“To prepare a society of liberal, intelligent, and cultivated persons, whose relations with each other would permit a more simple and wholesome life, than can be led amidst the pressure of our competitive institutions.”
This letter was written in 1840 by Unitarian minister and transcendentalist leader George Ripley to author Ralph Waldo Emerson in order to convince Emerson to provide support for Ripley’s planned communal experiment, Brook Farm. Ripley was part of the movement by prominent antebellum leaders in the United States to attempt to create utopian communities in which participants could avoid the perceived inequities of the labor and social systems and participate in the formation of a strong, self-sustaining community. Ripley’s letter briefly outlines the overall goals of his proposed utopian community, including the desire to create a more egalitarian system of labor, reward, and education than existed in society as a whole, one that would make use of each participant’s relative skills and capacities. Ripley’s letter also addresses some of the practical implications involved in the foundation of a utopian agricultural community and the sacrifices required on the part of participants to make such an operation a success. Brook Farm began operations in 1841 and closed in 1847, after a devastating fire in 1846 crippled the community’s progress. Ultimately, Emerson elected not to join the communards at Brook Farm, instead pursuing other enterprises to explore the transcendentalist philosophy and way of life.
Transcendentalism was an American literary and philosophical movement that emerged in the late 1830s, partially from the Unitarian reform movement of the same era. Placed in historical context, transcendentalism emerged at a time when the United States economy was strong and the population was rapidly growing. In the established and relatively affluent communities of the northeast, a religious transformation was under way, led largely by Unitarian minister William Ellery Channing of Boston, who was leading many away from the spiritualism of Calvinism and toward the more rational and scientifically grounded Unitarianism. The Unitarian reformation brought a more liberal philosophy to the religious communities of the region and played a role in fostering widespread interest in social and political causes, including women’s suffrage, abolition, and educational reform.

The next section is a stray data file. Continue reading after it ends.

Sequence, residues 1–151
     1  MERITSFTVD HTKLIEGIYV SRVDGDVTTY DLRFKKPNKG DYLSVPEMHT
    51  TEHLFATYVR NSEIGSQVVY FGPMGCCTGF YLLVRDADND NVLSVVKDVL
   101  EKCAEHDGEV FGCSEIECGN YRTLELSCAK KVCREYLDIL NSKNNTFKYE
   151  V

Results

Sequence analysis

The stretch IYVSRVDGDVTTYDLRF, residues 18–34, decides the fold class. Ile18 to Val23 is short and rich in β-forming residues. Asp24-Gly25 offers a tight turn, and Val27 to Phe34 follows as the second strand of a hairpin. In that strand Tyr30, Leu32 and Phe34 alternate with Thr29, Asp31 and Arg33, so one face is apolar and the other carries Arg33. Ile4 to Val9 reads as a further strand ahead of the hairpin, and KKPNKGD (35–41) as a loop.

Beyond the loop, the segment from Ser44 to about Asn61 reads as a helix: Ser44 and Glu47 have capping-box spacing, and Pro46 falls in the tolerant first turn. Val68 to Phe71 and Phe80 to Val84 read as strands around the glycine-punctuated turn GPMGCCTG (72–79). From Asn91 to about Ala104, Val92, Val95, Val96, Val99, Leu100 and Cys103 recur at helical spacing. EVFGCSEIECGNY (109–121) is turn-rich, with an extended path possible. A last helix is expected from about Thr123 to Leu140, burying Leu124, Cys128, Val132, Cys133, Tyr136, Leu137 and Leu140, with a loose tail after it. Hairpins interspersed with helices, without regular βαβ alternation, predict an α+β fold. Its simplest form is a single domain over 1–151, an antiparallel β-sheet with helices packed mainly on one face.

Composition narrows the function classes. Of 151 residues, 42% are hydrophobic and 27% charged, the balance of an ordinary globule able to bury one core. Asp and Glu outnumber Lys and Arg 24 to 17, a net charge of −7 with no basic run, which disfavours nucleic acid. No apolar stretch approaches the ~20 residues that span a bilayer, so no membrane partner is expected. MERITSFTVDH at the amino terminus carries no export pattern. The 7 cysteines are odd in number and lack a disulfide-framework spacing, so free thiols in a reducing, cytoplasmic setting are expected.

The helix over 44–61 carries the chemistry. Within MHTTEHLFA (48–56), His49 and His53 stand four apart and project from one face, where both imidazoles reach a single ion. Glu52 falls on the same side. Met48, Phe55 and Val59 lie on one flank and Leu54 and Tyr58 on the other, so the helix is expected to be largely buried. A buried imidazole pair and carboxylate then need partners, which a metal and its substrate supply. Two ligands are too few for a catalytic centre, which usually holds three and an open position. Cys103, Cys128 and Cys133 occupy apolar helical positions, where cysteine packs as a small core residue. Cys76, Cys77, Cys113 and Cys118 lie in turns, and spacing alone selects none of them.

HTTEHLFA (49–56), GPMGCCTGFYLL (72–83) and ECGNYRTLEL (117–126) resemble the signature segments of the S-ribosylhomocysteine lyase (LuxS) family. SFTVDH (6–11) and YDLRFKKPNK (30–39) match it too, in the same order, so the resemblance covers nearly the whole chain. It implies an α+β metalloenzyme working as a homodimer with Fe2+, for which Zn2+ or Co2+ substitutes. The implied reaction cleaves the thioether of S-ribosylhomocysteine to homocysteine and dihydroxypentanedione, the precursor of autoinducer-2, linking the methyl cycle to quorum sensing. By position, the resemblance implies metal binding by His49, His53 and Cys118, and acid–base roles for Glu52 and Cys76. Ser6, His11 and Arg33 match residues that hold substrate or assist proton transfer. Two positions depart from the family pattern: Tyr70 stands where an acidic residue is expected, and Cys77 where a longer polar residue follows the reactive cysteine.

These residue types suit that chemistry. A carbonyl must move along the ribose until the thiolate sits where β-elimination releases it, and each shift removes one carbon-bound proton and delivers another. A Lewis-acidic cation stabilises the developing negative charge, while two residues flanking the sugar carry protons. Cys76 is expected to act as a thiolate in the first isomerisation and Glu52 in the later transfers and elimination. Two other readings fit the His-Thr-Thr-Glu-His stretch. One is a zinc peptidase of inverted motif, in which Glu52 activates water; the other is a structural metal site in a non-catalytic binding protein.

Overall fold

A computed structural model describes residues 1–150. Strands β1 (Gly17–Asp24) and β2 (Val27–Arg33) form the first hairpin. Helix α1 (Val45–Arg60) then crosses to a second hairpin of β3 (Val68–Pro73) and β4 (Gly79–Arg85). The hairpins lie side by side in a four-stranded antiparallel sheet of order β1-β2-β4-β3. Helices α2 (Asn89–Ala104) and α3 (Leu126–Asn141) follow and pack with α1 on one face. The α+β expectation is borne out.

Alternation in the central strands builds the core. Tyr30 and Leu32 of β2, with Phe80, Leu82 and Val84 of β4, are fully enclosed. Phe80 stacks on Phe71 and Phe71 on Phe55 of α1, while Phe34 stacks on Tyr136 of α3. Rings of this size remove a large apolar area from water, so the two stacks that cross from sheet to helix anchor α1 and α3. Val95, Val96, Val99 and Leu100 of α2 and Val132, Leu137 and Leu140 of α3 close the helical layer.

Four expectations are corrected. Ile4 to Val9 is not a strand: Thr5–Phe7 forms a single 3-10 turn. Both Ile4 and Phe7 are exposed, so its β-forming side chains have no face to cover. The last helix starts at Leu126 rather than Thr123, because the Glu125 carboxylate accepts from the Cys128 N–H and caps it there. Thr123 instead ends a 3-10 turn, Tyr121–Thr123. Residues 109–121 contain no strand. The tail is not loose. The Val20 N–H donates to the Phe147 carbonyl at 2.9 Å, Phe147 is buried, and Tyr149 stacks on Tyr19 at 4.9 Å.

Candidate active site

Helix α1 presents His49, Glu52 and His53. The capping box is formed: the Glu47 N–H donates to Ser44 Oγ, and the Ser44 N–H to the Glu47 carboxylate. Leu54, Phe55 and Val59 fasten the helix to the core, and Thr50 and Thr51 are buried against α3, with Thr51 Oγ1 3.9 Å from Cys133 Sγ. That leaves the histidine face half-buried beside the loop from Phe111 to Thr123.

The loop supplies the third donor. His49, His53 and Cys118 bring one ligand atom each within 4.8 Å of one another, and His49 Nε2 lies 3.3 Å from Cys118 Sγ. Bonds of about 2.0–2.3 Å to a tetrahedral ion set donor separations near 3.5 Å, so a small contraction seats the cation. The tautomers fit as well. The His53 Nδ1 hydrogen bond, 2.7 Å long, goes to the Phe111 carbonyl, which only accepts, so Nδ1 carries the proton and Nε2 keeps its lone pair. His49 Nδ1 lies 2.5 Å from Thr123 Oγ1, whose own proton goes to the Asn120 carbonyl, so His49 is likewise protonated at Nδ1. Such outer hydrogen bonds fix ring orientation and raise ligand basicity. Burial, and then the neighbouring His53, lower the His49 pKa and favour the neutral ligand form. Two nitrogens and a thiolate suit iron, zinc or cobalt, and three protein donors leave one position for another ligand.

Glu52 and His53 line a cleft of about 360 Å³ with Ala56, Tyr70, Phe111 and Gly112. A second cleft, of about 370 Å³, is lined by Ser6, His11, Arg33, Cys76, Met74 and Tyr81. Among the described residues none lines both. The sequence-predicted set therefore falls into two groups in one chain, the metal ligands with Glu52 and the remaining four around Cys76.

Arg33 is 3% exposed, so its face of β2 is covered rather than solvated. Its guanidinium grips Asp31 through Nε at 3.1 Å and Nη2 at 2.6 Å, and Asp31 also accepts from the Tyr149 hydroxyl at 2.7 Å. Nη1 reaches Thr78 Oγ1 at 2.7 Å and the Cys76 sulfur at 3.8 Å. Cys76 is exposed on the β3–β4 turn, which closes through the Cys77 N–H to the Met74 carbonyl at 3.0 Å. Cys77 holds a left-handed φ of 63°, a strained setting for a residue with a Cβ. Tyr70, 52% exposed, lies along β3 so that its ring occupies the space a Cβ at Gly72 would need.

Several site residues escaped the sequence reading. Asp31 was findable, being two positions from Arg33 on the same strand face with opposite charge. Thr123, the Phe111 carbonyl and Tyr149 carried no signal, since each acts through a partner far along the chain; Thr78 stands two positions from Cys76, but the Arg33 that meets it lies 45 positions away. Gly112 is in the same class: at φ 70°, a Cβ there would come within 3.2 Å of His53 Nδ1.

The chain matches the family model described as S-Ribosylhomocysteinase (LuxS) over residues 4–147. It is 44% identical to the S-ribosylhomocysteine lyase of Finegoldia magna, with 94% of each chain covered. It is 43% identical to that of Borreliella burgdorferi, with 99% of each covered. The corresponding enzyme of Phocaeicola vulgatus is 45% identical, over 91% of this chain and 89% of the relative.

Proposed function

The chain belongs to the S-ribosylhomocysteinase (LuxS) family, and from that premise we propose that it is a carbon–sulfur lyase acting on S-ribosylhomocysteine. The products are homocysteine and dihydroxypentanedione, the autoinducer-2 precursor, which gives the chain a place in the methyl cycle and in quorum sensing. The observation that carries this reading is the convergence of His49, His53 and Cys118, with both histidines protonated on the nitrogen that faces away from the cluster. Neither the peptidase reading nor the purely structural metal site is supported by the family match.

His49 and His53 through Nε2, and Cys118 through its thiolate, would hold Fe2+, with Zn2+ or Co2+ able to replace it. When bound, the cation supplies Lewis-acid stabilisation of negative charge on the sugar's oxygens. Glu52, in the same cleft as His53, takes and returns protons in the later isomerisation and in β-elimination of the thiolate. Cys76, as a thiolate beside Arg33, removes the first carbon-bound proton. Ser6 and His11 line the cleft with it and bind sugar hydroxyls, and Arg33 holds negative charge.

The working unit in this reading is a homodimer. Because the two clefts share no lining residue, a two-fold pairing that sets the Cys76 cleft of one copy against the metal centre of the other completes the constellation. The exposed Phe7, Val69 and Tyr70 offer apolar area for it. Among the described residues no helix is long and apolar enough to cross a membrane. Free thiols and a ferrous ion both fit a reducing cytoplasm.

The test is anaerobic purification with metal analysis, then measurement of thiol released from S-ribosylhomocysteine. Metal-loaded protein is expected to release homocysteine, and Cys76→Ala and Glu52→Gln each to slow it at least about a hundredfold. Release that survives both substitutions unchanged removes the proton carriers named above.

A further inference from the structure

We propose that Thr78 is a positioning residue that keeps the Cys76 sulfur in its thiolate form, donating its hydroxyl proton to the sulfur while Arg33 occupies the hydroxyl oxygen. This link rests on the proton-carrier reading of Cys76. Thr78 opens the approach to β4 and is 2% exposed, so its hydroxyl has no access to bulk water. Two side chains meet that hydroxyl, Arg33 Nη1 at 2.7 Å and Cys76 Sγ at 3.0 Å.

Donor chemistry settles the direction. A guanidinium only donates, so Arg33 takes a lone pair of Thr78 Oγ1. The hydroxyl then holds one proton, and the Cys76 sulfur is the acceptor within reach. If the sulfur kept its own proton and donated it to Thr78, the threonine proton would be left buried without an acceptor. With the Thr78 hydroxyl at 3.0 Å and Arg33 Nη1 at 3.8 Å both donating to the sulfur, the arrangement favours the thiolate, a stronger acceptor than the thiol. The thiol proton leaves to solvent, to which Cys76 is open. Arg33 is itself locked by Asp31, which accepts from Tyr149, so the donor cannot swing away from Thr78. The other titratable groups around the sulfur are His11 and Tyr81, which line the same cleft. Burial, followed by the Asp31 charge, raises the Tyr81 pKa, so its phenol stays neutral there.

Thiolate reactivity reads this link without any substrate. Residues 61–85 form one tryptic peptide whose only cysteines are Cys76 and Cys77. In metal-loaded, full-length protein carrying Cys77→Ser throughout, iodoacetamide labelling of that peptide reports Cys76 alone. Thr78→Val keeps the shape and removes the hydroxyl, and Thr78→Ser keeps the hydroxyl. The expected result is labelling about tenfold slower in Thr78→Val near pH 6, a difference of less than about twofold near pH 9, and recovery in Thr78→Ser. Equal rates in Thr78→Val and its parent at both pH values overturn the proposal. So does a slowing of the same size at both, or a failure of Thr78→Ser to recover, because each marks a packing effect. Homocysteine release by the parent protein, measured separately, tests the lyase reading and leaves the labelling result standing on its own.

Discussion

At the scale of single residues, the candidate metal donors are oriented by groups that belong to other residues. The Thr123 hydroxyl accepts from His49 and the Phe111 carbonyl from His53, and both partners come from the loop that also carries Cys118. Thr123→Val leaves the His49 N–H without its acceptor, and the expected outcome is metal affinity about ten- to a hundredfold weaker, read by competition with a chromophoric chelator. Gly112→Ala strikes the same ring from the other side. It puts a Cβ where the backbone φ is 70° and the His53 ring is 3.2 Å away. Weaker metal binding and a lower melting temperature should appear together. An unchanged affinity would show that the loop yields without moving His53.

Transcendentalism emerged from this environment and came to represent an alternative to the prevailing rationalist philosophy of the Unitarian church, blending elements of a more overt spirituality with a focus on individualism as both a spiritual and a practical philosophy. In New England, disposable income was sufficient to support the authors and lecturers who made a living traveling and discussing transcendentalist philosophy. In addition, transcendentalism blended well with the increasing focus on liberal social issues, as transcendentalists rejected the class structure of the traditional churches in favor of a belief that each individual, regardless of origin, was capable of manifesting qualities of the divine through his or her own self-realization.
The transcendentalist focus on individualism led to intense disagreement among practitioners as to the exact spiritual, philosophical, and practical elements that best expressed the movement. In general, transcendentalists believed that an individual could transcend the animalistic impulses of life to reach unity with the spiritual realm and that all beings were representations of a universal soul—or “oversoul”—that encompassed all life. They believed that humans should focus not on death or the afterlife but on the immediate physical world and reaching a state of self-realization that would bring them closer to universal truths. Further, they believed that these truths could be found in nature, as manifested in all living creatures and the natural phenomena of the world.